"The main reason that Native American children look up to Bears rookie Levi Horn has little to do with the fact that the 6-foot-6 offensive tackle towers over them.
To the kids, Horn is much more than a pro football player. He’s one of them—a Native American who is part of the Northern Cheyenne Tribe, which is based in southeast Montana. Pittsburgh Steelers safety Tuff Harris is believed to be the only other Native American currently in the NFL.
Horn, who spent three days speaking to wide-eyed kids on the Fort Belknap Reservation in Montana earlier this month, enjoys being viewed as a role model.
“I really like it,” said Horn, who was raised solely by his mother. “My mom got an education, but when I was a kid I really didn’t [have an adult male role model] and I didn’t get to see any athletes. I didn’t even know of any athletes that were Native American. It’s nice to be somebody for a little kid and help them.”
Horn grew up in Spoke, Wash., with his mother, brother and sister. A star tight end at Rogers High School, he initially attended Oregon. But after an offensive scheme change and a switch from tight end to tackle, Horn transferred to Montana, where he started 24 of 40 games played in four seasons.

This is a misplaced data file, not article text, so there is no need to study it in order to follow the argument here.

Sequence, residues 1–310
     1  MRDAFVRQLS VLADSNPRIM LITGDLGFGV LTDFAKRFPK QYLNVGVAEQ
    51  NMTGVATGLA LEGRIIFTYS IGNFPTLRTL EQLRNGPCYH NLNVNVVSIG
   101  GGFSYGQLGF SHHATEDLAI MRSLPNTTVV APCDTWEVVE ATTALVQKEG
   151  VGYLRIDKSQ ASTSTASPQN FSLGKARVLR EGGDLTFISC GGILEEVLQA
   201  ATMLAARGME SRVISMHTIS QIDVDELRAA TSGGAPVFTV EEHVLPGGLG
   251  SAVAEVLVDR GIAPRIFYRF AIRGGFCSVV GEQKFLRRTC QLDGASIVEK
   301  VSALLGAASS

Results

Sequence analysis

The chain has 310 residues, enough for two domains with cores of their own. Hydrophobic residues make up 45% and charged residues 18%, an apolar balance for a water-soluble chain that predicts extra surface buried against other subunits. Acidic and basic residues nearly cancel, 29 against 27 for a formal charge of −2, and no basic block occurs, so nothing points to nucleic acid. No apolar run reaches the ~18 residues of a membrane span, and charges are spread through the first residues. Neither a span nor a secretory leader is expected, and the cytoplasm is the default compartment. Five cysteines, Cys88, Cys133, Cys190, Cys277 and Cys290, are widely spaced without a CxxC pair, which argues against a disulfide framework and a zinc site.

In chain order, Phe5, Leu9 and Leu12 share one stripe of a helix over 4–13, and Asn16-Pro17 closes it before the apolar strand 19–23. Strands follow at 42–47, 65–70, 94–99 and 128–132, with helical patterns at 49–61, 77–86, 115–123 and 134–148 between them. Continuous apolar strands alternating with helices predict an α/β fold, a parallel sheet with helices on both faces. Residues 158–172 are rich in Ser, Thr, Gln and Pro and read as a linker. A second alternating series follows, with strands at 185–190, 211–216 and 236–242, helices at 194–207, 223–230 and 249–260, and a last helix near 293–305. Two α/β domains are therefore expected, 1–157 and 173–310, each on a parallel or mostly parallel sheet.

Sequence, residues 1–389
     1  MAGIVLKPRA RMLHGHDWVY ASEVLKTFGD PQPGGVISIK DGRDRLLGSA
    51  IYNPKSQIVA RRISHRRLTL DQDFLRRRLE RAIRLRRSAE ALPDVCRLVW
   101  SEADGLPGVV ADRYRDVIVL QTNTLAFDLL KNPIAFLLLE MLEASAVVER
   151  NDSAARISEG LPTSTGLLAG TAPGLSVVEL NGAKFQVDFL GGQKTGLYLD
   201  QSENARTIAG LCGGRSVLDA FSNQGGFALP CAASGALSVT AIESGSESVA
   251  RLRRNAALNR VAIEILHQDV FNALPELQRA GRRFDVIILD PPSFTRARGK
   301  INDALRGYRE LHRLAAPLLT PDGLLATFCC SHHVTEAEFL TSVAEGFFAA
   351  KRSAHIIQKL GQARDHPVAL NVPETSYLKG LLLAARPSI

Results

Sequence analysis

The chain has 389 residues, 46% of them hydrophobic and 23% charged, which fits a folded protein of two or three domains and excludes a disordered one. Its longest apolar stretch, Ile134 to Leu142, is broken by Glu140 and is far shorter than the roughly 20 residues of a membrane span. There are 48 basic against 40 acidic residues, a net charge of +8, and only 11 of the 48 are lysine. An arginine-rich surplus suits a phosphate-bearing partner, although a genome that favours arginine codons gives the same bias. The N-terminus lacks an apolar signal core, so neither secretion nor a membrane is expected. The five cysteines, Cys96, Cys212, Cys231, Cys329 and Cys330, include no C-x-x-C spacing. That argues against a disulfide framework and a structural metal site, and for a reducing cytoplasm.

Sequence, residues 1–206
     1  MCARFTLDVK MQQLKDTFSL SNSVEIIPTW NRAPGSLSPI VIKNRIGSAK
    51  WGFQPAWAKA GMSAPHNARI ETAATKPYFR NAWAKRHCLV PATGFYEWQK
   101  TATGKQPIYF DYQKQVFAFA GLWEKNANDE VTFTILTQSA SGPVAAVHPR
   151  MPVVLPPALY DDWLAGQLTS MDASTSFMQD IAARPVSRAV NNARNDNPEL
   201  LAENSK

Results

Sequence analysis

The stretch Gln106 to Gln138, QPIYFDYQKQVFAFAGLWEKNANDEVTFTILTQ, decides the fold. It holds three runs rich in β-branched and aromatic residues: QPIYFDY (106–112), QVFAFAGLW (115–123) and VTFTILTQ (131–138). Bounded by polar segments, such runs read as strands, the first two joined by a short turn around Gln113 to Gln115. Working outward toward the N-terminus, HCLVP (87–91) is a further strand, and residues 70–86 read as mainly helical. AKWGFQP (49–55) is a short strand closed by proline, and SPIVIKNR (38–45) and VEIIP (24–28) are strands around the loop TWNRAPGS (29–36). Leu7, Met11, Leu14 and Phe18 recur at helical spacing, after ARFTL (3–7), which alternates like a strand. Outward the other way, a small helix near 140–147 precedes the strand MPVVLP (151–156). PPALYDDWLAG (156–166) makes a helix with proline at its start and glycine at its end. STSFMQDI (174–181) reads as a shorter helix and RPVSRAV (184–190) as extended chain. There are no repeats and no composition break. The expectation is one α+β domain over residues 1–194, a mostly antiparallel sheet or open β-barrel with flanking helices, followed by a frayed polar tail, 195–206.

During his recent trip to the Fort Belknap Reservation, Horn spoke at several schools and was the guest of honor at a tailgate celebration. His main message centered around encouraging the children not to let obstacles keep them from achieving their objectives in life."
Get the Story:
Bears rookie Horn proud of Native American heritage
Cherokee and Cheyenne
football players drafted to NFL